This work presents a new theory about the development in shipping and naval organization that culminated in the invention - around 530 BC in the eastern Mediterranean - of the trireme, and the subsequent adoption of this first specialized warship of antiquity by all the naval powers of the time. New interpretations are proposed of Greek and Assyrian icographic data and of hitherto igred evidence in Herodotus and Thucydides, and the n-military factors determining developments are emphasized. Thucydides' fundamental essay on the genesis of Greek sea-powers is studied in depth, the rarity of these sea-powers is stressed and the peculiar background of the naval power of Phokaia and the Samian tyrant Polykrates exposed. The problem of the trireme's place of origin, the factors determining its invention, probably in Saite Egypt, and its immediate adoption by the Persian king Cambyses are discussed. The first naval operations of the Persians are surveyed, reasons and circumstances of the trireme's introduction into the navies of the Greek city-states analyzed with special attention for Themistocles' navy bill. The book offers ancient historians and classical philologists a radically new approach to archaic maritime and naval history. It should also be useful to (nautical) archaeologists.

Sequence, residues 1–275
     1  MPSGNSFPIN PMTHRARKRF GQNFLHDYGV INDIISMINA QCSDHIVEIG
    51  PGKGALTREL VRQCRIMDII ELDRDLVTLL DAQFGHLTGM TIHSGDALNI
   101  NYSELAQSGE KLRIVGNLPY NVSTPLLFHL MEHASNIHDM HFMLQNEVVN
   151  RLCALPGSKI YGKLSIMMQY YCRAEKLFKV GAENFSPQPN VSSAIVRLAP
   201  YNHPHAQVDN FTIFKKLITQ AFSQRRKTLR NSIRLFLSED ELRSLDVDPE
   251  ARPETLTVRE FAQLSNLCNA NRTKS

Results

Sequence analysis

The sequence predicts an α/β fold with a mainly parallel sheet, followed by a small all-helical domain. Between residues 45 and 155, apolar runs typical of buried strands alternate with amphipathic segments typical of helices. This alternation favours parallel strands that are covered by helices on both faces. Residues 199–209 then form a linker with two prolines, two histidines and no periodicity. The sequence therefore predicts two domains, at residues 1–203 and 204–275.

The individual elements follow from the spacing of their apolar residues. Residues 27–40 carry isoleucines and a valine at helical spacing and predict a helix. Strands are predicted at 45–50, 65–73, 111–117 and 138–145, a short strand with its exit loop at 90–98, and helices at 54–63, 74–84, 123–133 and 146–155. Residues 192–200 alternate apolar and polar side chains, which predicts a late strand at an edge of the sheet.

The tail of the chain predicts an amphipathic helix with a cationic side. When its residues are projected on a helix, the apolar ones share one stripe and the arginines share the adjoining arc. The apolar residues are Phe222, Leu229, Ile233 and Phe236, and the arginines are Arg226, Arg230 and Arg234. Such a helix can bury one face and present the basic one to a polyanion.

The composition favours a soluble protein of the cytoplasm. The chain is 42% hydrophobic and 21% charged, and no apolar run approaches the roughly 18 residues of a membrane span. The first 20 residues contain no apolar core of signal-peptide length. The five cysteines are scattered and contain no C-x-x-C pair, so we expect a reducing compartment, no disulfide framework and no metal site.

H.T. Wallinga has been Professor of Ancient History at the University of Amsterdam (1960-64) and at the University of Utrecht (1964-90) in the Netherlands. He is a specialist in the maritime history of the ancient world. His recent publications have been concerned with the maritime aspects of the relationship between the Persian empire and the Mediterranean world: the Ionian revolt, the Persian navy and its predecessors, the 'thalassocracy' of Polycrates of Samos, Persian and Delian tribute, and the chief naval base of the Persians in Cilicia.